“We may not be able to prepare the future for our children, but we can at least prepare our children for the future.” – FDR


Read On:

Interesting Zoom meeting last week. Reconnected with a group of guys I grew up with over 50 years ago in the Bronx. Outside of two individuals, I lost contact with all of them when I moved out of NYC in 1985. Diverse journeys: one became an Executive Producer on “Everybody Loves Raymond,” two dabbled in the film industry, several are self-employed, one went on to become a professional gambler. To my knowledge most are or were married with kids. I have no clue whether any have grandchildren.

Fun Zoom call! Guy talk out of the gate – the good old days, sports, etc. Then we discussed the COVID-19 pandemic. Most indicated they were optimistic about economic recovery in the U.S.; silent when I mentioned the dire straits of the global economy. A lot of Trump bashing. Minimal concern they might experience a banana republic election and the potential of history repeating itself (Bush vs. Gore). All of them too dependent on improved coronavirus testing and a vaccine so they can get on with the New Normal – travel, eating in restaurants, attending sporting events, etc. New Normal? I suggested we have entered a new era and it will take at least a decade to sort things out. More silence.

One thing that struck me about the virtual reunion, nobody talked about their children or grandchildren’s future. I never married, no children, yet extremely concerned about the future for children. My thoughts:

  • What impact will all the trauma associated with the pandemic have on little people? Living with stressed out parents. Surrounded by media overkill, death, “social distancing,” disrupted schooling. We could use the resurrection of Mr. Rogers right now.
  • What impact will remote learning have on the educational development for all age groups? More and more articles are surfacing addressing the pluses and minuses of the different telecommunication tools. Personally, I believe it will take several years of online teaching, before educators figure out the best way for a generation to develop.
  • I remember all the things I experienced which contributed to my overall social development. Will children now experience a different form of social connectivity due to “social distancing” as we enter an era with the potential for more coronavirus pandemics? Will there be sleepovers, playdates, celebrations (e.g., birthdays, graduation parties, etc.), organized sports, after school activities, school trips, summer camp? What impact will virtual substitutions for these activities have on children?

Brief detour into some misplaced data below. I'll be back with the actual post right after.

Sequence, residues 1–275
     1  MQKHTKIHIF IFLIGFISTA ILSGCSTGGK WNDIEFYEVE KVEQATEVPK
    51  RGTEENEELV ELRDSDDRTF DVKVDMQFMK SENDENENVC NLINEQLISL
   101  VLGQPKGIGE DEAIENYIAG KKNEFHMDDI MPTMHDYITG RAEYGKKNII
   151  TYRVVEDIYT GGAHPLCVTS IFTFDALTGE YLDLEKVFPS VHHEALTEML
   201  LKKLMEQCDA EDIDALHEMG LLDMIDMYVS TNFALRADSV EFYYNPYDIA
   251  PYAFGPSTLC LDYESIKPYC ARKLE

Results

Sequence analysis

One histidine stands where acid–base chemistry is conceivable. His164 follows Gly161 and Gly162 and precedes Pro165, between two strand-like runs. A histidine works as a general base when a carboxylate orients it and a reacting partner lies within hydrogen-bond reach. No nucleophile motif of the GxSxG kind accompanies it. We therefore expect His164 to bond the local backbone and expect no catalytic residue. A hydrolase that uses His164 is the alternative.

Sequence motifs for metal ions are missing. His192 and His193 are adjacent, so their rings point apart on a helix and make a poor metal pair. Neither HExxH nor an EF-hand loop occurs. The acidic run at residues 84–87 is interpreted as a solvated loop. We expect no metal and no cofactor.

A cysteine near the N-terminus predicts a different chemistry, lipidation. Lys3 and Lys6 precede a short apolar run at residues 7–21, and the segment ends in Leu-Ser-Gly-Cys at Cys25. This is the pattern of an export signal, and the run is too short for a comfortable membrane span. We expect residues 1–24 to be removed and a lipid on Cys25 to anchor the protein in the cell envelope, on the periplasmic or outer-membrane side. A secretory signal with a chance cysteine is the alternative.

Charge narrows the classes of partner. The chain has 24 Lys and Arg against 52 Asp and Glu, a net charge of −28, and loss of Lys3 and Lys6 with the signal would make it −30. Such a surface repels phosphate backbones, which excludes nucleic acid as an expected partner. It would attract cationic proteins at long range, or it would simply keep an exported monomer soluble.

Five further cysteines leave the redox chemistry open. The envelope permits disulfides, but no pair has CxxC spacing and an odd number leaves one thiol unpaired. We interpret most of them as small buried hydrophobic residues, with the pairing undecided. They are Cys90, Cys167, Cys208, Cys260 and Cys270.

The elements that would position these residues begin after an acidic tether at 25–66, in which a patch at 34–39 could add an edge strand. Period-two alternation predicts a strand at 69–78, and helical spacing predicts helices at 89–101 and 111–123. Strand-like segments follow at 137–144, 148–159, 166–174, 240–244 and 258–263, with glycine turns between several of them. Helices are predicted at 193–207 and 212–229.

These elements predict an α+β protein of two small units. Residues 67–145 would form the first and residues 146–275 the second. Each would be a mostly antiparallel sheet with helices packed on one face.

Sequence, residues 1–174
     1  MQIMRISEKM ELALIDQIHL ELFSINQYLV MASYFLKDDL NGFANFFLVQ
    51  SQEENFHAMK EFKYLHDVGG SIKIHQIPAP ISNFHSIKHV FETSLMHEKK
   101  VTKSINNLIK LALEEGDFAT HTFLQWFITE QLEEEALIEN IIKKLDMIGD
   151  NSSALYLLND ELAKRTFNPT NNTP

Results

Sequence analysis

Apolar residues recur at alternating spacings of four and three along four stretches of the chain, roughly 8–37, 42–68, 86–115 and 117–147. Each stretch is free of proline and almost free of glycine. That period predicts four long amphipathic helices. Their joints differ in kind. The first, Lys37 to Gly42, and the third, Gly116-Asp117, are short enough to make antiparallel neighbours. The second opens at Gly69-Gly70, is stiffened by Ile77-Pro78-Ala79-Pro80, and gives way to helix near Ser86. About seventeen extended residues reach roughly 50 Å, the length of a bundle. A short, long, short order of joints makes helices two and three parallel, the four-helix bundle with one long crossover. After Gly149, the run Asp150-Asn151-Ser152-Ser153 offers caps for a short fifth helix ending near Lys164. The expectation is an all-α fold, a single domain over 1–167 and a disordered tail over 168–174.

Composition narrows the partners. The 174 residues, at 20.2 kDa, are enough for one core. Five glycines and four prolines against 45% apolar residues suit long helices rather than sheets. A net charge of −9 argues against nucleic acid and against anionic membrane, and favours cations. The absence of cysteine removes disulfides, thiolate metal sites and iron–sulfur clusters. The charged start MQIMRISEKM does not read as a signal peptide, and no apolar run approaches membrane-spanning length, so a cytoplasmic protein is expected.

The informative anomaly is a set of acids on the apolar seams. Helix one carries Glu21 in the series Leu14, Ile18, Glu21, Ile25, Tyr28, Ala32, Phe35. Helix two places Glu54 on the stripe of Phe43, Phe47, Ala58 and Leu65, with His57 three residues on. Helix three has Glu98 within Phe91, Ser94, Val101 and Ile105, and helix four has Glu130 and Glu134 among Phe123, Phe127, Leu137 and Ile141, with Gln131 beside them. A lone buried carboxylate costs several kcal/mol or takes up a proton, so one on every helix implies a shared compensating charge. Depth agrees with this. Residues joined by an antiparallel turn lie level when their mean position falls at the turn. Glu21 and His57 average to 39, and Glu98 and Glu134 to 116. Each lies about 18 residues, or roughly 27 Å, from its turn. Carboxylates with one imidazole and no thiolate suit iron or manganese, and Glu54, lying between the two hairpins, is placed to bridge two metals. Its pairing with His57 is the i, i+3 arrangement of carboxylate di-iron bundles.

In closing, I will continue to be a pragmatic optimist who is uncertain about the future. I have posted my views about community being one silver lining resulting from the pandemic crisis. There will be others. However, while we are busy innovating transformation, we need to take time out to focus on preparing our children for the future.


2 thoughts on “#ChildrensLivesMatter

  1. Thank you for raising the issue.
    This is just one sample. Most whom I speak with are gravely concerned, both current challenges of navigating chaotic school openings , and the balance of safety vs social isolation of children’s development. Many remained highly alarmed re income and food insecurity even if themselves financially stable. Others are attuned to the horrors of war on children.


  2. As you’ve identified this is a big one on so many levels… education, isolation, social development, physical development, seeing/experiencing stress at younger and younger ages. I was on a Zoom call myself over the weekend for one of my cousin’s birthdays. One of his daughters and her family still live on their family farm in rural Wisconsin. She was late to the call trying to straighten out connectivity issues for virtual learning. Their house sits low on their land and their internet access is spotty at best. It’s much better up at the milking barn which sits on a higher parcel of land, but that’s not exactly a conducive environment for three children to attend virtual classes. Proactively, she’s taken on home schooling them so they don’t get left behind, but that too, requires good consistent internet access to communicate with teachers and lesson planners. At least they’re spared violence in their streets, like so many young urban kids are experiencing along with everything else. Your observation about Mr. Rogers is spot on.


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